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Hollywood, that tinsel-strewn temple to American culture, has decided that its legal fees and costs are cutting into corporate profits.

Because lawsuits plague many movie and television productions, and the going rate for some attorneys can top $1,000 hour, Hollywood is turning to India, where legal counsel can be obtained for as little as $60-$100/hour.

The legal services provided by the lawyers of that country range from the drafting of copyright clauses, processing visa applications for actors and directors, to opposing defamation charges filed against programs, like HBO's controversial " Da Ali G Show ."

But Hollywood ain't alone.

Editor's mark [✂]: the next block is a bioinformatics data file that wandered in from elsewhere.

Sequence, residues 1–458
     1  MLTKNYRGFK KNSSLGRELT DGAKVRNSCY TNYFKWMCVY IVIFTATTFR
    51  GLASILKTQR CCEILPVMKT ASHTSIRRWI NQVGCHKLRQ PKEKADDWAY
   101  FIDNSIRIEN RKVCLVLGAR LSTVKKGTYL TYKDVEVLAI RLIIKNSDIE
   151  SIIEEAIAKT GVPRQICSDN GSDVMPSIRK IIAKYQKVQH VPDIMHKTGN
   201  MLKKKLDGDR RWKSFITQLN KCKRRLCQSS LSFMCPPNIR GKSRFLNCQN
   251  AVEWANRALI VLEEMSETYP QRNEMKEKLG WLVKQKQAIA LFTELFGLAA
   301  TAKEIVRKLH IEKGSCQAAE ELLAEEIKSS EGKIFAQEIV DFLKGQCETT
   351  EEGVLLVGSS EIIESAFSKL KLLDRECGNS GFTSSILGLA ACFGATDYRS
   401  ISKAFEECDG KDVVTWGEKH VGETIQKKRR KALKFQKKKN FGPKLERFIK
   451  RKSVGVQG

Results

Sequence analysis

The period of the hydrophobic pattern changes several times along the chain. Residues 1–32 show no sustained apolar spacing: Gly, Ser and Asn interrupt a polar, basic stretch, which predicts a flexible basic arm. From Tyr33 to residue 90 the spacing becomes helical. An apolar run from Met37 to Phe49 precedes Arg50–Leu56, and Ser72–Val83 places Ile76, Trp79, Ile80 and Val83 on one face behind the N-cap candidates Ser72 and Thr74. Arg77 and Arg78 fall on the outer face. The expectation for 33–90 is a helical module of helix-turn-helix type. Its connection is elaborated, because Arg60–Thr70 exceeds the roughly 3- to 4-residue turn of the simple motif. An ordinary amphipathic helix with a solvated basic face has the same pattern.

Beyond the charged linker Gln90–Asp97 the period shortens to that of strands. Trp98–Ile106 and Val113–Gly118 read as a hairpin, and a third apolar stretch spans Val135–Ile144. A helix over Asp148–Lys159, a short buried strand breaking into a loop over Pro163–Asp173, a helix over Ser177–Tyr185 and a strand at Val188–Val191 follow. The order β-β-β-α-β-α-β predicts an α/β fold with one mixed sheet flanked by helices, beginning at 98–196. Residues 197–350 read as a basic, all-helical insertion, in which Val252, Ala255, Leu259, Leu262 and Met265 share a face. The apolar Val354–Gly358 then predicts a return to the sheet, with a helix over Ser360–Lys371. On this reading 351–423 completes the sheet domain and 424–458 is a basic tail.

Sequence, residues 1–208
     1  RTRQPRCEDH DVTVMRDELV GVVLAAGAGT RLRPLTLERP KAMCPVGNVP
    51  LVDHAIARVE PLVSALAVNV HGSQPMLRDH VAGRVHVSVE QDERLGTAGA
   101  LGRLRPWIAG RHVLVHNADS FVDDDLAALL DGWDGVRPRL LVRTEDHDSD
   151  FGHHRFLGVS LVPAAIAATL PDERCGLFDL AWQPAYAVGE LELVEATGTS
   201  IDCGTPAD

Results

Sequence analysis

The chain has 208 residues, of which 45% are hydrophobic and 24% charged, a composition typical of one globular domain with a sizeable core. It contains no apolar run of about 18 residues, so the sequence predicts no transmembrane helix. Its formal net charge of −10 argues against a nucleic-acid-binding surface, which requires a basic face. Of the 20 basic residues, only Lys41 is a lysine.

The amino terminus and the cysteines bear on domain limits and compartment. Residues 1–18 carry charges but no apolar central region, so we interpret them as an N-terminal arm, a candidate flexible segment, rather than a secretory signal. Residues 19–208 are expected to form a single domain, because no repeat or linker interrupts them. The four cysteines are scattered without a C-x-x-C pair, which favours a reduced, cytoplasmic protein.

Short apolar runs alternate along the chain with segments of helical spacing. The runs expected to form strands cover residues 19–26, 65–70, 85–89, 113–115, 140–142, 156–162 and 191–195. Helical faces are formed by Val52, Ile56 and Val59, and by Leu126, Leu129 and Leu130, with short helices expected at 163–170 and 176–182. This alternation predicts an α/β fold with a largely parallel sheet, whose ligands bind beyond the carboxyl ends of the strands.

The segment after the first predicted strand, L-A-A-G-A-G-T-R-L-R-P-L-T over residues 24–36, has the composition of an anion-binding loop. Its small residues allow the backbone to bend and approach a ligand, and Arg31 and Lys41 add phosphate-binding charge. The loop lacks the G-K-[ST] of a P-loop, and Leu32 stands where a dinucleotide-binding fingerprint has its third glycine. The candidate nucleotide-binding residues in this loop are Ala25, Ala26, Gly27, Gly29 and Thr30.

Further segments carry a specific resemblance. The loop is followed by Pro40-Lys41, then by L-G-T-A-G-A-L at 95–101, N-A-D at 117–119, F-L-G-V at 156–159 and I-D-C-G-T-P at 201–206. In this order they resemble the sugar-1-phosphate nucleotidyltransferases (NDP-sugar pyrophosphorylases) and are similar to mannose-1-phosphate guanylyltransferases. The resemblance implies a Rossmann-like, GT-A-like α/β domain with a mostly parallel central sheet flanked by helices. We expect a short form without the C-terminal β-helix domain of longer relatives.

Microsoft outsources much of its patent research work to India, while General Electric has relocated its base base for legal compliance and research for two if its largest divisions, GE Plastics and GE Consumer Finance , to that country.

Outsourced legal work was projected to reach a dizzying $163 billion in 2006, and the work is no longer exclusively "back office." Lexadigm , a New Delhi-based firm, recently completed a brief applying the Fifth Amendment due process clause to a tax dispute which made its way to the U.S. Supreme Court.

While in the bigger scheme of things we're talking about a relatively small fraction of our country's total legal work, the problem is the lack of transparency or public disclosure -- since many of these outsourcing firms are intensely secretive about their clientèle lists, fearful of reprisals from U.S. workers and consumers.

But the lure of bargain-basement legal services is undeniable. There are reportedly some 200 million English-speaking, college-educated Indians in that country and their resumes are littered with JD's and LLM's from some of America's top law schools.

It remains to be seen whether our profession, as we now know it, can survive the assails of that other American institution ... the "free market."